“We didn’t do much offensively until he was out of the game,” Hyde said. “He has a really good arm and [he’s] a good-looking young starting pitcher.”
But similar can be said for Voth, who ran out of opportunities with the Washington Nationals, was designated for assignment and now finds himself part of a rotation in Baltimore that’s competing for a playoff spot.
The average exit velocity off Voth on Sunday was 80.1 mph — the league average is around 87 — and he did most of his best work with his curveball. He induced four whiffs and drew six called strikes with that offering, throwing it over a third of the time.
“It was a weapon for me to use, for sure,” Voth said. “And then I was mixing in some changeups as well, and that’s a key pitch I’ll need to continue to use moving forward.”
The 30-year-old completed five innings for the second time this season and allowed four hits with no walks and six strikeouts — the first time Voth has pitched five scoreless innings since Aug. 8, 2020.
Before Voth joined Baltimore in June, the right-hander’s ERA had ballooned to 10.13. He had long been a spot starter or long reliever for the Nationals, but his career went sideways — then tipped over — when he allowed 21 earned runs in 18 2/3 innings for Washington this season.
He soon found himself on waivers, then with the Orioles, then in the rotation. On Sunday, it was the bullpen that uncharacteristically bent, with two runs off right-hander Bryan Baker and another from Bautista. But Voth laid the groundwork.
“In the past, it’s always been execution of my pitches to the middle of the plate,” Voth said. “Now, I’m trying to focus more on the four corners of the strike zone, and I think that’s really helping me.”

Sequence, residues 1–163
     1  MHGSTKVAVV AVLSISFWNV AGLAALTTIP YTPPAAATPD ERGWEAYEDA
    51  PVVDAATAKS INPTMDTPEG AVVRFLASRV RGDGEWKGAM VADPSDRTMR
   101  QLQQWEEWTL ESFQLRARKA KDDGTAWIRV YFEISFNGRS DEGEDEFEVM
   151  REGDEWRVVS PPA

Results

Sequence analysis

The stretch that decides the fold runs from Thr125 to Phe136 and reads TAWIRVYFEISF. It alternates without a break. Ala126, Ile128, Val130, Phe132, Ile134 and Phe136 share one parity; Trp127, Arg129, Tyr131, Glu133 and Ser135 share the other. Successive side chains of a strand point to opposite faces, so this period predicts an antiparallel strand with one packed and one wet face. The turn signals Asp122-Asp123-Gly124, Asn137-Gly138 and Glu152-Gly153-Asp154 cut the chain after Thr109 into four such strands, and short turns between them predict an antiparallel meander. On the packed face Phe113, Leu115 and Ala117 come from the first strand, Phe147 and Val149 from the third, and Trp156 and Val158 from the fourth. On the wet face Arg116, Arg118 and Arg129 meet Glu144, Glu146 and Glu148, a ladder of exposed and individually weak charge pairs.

The issue for the Orioles, of course, was how well Lodolo pitched. Before the game, Hyde described Lodolo as “junior Sale-ish,” referencing Boston Red Sox left-hander Chris Sale. His three-quarter arm slot delivery offers a unique angle for batters, and he drew 17 whiffs between his sinker, curveball and changeup.
Ranked as the Reds’ second-best prospect, according to Baseball America, Lodolo worked through six innings before the Orioles broke through. Ryan Mountcastle, who led off with a walk, came home on Cedric Mullins’ sacrifice fly. Santander’s blast momentarily tied things.
The offensive output has been too meager of late, though, to cover for a bullpen that finally was less than perfect — a level it has competed at for much of the season.
Around the horn
>> Mountcastle was back in the lineup Sunday after receiving a day off Saturday. Hyde said Mountcastle is dealing with “bumps and bruises” as well as his slump, entering Sunday with two hits in 31 at-bats across his previous eight games. Mountcastle reached on an infield single in the second inning, the kind of break he’s been looking for.
>> Left-hander DL Hall, the Orioles’ No. 3 prospect according to Baseball America, was scheduled to start Sunday for Triple-A Norfolk before a rainout pushed him back to next week.
Monday, 8:05 p.m.